1Centre for Ice and Climate, Niels Bohr Institute, University of Copenhagen, Denmark
2Climate and Environmental Physics, Physics Institute & Oeschger Centre for Climate Change Research, University of Bern, Bern, Switzerland
3National Institute of Polar Research, Tachikawa, Tokyo, Japan
4Stiftung Alfred-Wegener-Institut für Polar- und Meeresforschung, Bremerhaven, Germany
5Geoscience Center, University of Göttingen, Göttingen, Germany
6Laboratoire Chrono-environnement, Besancon, France
7Laboratoire de Glaciologie et Geophysique de l'Environnement, Grenoble, France
8Department of Chemistry "Ugo Schiff", University of Florence, Florence, Italy
9Department of Chemistry, Biology, and Marine Science, University of the Ryukyus, Okinawa, Japan
Abstract. The Toba eruption that occurred some 74 ka ago in Sumatra, Indonesia, is among the largest volcanic events on Earth over the last 2 million years. Tephra from this eruption has been spread over vast areas in Asia, where it constitutes a major time marker close to the Marine Isotope Stage 4/5 boundary. As yet, no tephra associated with Toba has been identified in Greenland or Antarctic ice cores. Based on new accurate dating of Toba tephra and on accurately dated European stalagmites, the Toba event is known to occur between the onsets of Greenland interstadials (GI) 19 and 20. Furthermore, the existing linking of Greenland and Antarctic ice cores by gas records and by the bipolar seesaw hypothesis suggests that the Antarctic counterpart is situated between Antarctic Isotope Maxima (AIM) 19 and 20.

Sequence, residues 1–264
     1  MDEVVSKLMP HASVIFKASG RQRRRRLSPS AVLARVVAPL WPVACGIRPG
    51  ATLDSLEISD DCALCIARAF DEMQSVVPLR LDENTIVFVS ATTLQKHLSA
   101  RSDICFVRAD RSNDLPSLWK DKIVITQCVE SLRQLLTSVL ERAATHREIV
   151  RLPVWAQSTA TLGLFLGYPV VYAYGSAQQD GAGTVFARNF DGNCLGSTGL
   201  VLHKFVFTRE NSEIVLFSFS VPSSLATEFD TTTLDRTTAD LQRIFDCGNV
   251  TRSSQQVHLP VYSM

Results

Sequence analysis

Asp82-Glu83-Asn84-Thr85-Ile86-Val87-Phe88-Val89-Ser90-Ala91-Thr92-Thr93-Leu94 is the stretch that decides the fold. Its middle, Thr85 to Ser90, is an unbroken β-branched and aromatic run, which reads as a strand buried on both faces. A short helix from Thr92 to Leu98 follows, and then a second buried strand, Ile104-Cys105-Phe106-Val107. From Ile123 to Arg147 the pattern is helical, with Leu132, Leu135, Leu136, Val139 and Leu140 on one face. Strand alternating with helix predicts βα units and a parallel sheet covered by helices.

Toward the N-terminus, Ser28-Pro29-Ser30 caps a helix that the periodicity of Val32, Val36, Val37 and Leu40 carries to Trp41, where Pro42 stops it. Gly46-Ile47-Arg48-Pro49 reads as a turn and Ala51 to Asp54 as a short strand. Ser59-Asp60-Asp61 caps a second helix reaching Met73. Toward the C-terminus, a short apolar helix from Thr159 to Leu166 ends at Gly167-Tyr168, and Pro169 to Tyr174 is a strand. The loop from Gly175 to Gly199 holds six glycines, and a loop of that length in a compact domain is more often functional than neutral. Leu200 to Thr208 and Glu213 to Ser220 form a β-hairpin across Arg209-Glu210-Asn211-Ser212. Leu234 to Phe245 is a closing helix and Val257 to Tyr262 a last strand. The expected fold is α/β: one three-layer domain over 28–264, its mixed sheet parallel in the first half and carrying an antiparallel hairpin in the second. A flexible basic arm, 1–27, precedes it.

In this work we suggest a direct synchronization of Greenland (NGRIP) and Antarctic (EDML) ice cores at the Toba eruption based on matching of a pattern of bipolar volcanic spikes. Annual layer counting between volcanic spikes in both cores allows for a unique match. We first demonstrate this bipolar matching technique at the already synchronized Laschamp geomagnetic excursion (41 ka BP) before we apply it to the suggested Toba interval. The Toba synchronization pattern covers some 2000 yr in GI-20 and AIM-19/20 and includes nine acidity peaks that are recognized in both ice cores.
The suggested bipolar Toba synchronization has decadal precision. It thus allows a determination of the exact phasing of inter-hemispheric climate in a time interval of poorly constrained ice core records, and it allows for a discussion of the climatic impact of the Toba eruption in a global perspective. The bipolar linking gives no support for a long-term global cooling caused by the Toba eruption as Antarctica experiences a major warming shortly after the event. Furthermore, our bipolar match provides a way to place palaeo-environmental records other than ice cores into a precise climatic context.